With Rosh Hashanah set to begin on Sunday night, Israelis are racing the clock – and each other – to prepare for the holiday.
Whether in the trendy neighborhood of Baka or the ultra-Orthodox section of Mea She’arim, Jerusalemites are gearing up for the new year.
While Rosh Hashanah means different things to different people, the holiday spirit seems to be universal.
"The atmosphere here is a lot like the Christmas season in America," noted one first-time visitor to the capital this week. "Everyone seems to be in a good mood and ready to spend money on gifts."
Unlike most Diaspora Jews, who confine their gift-giving to Chanukah, Israelis feel obliged to buy expensive New Year’s presents for their friends and family. The practice is so widespread, in fact, that most companies give their employees a cash bonus to offset the expense.
Though most shops seemed to have a steady stream of customers this week, many storekeepers complained that sales are way down from last year.
"I’ve been working here 18 years, and I’ve never seen such a slow holiday season," complained a clerk at the Hamashbir department store in the city center. "Sales were much better in August, even with people out of the country on vacation. I guess the high unemployment rate is filtering down to us," she said.
Business was a bit more brisk in Geula and Mea She’arim, where the ultra- Orthodox tend to shop. Women in wigs and long-sleeved dresses crowded into local shops to buy their children a new holiday outfit and a pair of shoes. The men, meanwhile, searched for a new black coat or a fur-lined hat to wear in the new year.
Those wishing to get a head start on Sukkot could already be seen shopping for lulavim and etrogim in shops along Mea She’arim Street. In one store, several Orthodox men compared green-colored etrogim for shape and texture.
"This is the best time to buy an etrog," one of the customers explained. "There are no crowds and there’s a big selection. In a couple of weeks the etrog will turn yellow – just in time for Sukkot."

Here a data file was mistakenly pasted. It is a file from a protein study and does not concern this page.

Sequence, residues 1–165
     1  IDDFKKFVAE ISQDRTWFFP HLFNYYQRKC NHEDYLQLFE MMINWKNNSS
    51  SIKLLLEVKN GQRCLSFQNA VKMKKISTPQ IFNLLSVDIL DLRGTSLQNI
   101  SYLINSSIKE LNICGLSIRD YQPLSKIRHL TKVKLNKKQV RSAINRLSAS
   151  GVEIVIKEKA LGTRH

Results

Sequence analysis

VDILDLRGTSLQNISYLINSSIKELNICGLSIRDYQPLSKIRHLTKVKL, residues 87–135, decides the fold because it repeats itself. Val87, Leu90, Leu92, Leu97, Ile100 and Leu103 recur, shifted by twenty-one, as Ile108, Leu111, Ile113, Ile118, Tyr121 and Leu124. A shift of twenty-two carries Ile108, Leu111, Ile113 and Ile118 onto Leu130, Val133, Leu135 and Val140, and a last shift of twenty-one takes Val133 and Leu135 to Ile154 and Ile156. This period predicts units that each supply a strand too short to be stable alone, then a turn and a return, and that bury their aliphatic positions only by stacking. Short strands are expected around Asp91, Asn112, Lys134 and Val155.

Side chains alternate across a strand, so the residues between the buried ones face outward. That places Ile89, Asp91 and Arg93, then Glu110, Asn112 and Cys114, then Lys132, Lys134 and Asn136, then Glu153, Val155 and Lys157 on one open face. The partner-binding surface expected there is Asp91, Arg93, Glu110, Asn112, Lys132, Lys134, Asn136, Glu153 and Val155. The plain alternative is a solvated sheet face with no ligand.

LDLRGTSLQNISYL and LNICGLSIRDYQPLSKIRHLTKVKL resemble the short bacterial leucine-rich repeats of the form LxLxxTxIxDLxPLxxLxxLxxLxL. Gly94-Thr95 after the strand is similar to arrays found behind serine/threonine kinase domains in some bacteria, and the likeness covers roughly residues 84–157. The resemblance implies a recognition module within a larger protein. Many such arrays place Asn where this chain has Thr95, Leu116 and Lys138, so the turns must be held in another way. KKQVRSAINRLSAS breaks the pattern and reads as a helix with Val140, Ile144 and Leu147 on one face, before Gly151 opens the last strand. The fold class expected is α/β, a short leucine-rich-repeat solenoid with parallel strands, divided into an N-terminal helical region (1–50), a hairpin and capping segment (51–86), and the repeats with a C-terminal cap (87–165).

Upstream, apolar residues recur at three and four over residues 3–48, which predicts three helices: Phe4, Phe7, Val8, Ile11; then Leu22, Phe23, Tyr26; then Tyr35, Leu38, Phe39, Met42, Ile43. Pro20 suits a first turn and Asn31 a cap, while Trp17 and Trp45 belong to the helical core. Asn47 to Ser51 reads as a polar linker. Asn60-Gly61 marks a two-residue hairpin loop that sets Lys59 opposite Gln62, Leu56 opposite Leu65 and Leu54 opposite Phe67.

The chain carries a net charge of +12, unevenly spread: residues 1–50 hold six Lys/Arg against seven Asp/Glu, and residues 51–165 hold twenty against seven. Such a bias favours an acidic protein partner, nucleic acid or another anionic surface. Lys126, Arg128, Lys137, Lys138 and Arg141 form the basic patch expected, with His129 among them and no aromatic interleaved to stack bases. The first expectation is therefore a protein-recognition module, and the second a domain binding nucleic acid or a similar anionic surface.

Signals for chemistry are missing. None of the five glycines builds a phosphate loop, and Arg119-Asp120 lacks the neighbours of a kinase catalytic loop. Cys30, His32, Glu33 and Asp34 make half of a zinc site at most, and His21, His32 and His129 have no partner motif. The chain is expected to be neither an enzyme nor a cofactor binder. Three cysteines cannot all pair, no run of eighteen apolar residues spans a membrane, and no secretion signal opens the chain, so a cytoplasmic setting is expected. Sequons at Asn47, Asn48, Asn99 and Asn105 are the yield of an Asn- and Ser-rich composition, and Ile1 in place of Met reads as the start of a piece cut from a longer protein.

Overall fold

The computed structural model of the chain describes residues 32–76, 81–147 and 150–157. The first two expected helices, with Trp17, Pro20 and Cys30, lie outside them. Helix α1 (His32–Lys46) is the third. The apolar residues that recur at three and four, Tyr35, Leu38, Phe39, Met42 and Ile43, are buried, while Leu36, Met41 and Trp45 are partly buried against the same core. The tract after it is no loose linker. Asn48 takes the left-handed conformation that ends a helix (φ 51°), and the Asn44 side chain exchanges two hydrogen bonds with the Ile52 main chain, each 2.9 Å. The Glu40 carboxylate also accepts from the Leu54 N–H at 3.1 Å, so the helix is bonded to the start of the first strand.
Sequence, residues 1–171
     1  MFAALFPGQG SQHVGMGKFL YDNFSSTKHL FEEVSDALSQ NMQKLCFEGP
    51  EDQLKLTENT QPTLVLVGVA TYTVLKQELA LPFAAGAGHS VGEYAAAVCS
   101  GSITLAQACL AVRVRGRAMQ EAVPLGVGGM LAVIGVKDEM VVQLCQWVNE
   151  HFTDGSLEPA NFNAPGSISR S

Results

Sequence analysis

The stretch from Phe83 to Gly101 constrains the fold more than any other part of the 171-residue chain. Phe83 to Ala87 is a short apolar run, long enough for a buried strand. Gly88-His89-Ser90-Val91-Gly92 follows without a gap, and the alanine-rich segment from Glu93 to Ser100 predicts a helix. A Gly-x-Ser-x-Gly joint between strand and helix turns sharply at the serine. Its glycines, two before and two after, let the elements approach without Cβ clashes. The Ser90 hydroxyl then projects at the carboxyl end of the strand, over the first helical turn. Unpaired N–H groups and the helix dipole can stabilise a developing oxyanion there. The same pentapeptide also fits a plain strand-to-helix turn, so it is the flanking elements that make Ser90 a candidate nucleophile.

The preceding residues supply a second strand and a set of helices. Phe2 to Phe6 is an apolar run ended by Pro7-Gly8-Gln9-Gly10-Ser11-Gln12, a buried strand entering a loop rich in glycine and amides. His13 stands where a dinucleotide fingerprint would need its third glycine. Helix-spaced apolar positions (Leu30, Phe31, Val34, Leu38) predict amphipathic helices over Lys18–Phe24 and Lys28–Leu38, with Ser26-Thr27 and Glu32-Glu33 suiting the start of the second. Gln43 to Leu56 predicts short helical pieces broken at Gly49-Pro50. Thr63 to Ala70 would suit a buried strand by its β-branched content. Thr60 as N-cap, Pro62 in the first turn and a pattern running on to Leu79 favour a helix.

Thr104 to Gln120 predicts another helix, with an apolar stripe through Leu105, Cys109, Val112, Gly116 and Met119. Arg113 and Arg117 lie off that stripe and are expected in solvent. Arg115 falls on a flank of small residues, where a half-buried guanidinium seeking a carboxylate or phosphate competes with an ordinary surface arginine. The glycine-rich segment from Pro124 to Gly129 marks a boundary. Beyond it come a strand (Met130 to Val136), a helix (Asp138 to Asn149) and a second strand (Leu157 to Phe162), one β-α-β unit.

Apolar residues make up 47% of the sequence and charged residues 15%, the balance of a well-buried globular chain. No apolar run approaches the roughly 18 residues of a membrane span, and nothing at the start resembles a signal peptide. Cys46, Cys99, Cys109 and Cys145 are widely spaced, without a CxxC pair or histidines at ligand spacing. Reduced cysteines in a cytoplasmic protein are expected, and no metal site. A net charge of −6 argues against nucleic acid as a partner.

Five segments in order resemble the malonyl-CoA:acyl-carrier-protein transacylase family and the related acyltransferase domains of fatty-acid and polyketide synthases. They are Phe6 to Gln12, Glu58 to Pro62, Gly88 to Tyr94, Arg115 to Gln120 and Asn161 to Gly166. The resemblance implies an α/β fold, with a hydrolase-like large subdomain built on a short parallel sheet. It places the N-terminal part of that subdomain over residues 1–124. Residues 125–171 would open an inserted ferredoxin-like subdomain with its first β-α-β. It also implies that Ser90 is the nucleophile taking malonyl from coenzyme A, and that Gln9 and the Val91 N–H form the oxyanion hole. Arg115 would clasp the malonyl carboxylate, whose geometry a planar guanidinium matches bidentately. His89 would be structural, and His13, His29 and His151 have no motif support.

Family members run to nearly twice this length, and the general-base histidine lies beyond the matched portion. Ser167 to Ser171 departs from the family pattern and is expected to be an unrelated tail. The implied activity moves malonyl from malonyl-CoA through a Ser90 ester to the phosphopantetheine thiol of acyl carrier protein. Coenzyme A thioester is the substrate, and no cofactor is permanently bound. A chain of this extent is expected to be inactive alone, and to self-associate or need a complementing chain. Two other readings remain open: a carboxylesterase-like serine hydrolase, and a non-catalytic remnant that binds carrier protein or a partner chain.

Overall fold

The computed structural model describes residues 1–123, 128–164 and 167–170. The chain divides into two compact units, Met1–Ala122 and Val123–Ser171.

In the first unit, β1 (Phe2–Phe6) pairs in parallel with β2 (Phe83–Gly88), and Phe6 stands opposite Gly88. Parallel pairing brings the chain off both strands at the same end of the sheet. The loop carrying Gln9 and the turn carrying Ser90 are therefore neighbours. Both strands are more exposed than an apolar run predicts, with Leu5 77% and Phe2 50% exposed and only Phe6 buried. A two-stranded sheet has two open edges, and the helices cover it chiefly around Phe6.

One place that has been full of crowds is the Machaneh Yehuda open-air market. Considered the least expensive place in the city to buy food, tens of thousands of people jostle one another every day for a bagful of bright red apples and sweet round challahs.
Many of the customers are new immigrants from the former Soviet Union trying to stretch their shekels by buying at the shuk.
For Ludmilla, who immigrated to Israel nine months ago, Rosh Hashanah is a novel concept. "In the Soviet Union, the new year began in January. It’s strange to have a new year in the middle of September," she remarked.
Though she knew nothing about the Jewish holidays before making aliyah, she says that she is eager to learn about her new country and its customs.
"My 10-year-old son came home from school this week and told me about Rosh Hashanah and what it means. While I don’t understand all the fine points, I gather that it’s about new beginnings. That is something I can certainly relate to," she said.
The Archive of the Jewish Telegraphic Agency includes articles published from 1923 to 2008. Archive stories reflect the journalistic standards and practices of the time they were published.